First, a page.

#17 HABTM Checkboxes (revised)
Below is a page from a Rails application that displays a list of products.
A product can belong to a number of categories and there’s a many-to-many association between the
Category models. The product shown below isn’t in any categories and as yet we don’t have a way to assign categories to a product through the user interface. In this episode we’ll add the ability to assign categories through a list of checkboxes when a user edits the product.
The two models are associated using
has_many :through. Here’s the code for
class Product < ActiveRecord::Base has_many :categorizations has_many :categories, through: :categorizations end
A product has many categories through a join model called
class Categorization < ActiveRecord::Base belongs_to :category belongs_to :product end
Category model has a similar
has_many :through relationship with
The technique we’ll show you will also work for a
has_and_belongs_to_many relationship but
has_many :through is much more flexible which is why we’ve chosen to use it. One advantage is gives us is a method for accessing the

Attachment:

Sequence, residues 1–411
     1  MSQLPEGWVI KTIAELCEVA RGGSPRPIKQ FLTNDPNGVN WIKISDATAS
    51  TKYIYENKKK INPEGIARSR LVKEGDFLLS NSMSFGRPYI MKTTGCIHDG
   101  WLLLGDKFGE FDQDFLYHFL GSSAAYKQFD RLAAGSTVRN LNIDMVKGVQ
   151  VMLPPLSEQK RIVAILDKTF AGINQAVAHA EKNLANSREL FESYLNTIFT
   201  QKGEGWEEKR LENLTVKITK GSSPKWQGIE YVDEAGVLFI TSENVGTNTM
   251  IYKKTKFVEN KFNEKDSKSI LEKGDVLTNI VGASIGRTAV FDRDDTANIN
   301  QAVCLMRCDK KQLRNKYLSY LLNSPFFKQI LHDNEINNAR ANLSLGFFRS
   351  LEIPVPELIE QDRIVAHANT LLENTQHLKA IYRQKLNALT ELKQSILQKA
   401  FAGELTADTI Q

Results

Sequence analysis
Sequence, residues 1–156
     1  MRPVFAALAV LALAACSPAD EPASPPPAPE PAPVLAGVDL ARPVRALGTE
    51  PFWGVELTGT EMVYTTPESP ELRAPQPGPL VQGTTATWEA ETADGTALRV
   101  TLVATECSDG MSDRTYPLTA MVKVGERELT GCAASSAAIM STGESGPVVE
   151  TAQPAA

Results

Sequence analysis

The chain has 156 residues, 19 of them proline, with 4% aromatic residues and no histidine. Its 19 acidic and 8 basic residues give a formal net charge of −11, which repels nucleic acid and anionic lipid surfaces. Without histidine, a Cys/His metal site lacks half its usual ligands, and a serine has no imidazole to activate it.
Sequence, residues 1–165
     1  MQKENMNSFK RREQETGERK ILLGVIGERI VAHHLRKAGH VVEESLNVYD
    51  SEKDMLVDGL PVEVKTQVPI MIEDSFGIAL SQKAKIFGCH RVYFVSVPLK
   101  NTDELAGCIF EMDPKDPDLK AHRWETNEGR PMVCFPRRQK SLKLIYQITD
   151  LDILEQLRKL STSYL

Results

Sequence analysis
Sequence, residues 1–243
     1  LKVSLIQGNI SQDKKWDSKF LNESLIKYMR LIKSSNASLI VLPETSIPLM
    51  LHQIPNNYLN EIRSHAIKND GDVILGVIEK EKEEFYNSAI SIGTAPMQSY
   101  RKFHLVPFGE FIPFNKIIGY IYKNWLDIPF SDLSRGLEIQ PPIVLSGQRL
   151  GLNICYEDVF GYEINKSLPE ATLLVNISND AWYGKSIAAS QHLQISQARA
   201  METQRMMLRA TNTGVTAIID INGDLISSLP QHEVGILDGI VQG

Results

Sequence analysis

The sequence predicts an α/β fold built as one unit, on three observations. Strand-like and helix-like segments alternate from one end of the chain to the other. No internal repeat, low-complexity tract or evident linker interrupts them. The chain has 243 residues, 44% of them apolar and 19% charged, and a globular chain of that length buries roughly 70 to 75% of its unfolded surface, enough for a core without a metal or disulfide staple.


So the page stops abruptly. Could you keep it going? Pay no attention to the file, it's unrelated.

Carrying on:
category_ids for a product. We can demonstrate this in the console by fetching a product and listing its
> p = Product.first > p.category_ids => 
We can also set category_ids through this method.
> p.category_ids = [1,2] => [1, 2]
This assigns the categories and creates the categorization records too and we can now fetch the categories for our product.
> p.categories => [#<Category id: 1, name: "Board Games", created_at: "2011-12-26 21:22:48", updated_at: "2011-12-26 21:22:48">, #<Category id: 2, name: "Clothing", created_at: "2011-12-26 21:22:48", updated_at: "2011-12-26 21:22:48">]
If we look at our product in the browser now we’ll see the categories we’ve assigned to it.
Adding Categories to The Edit Product Form
We need to modify the edit product form so that we can add and remove categories through it. Here’s the form’s template.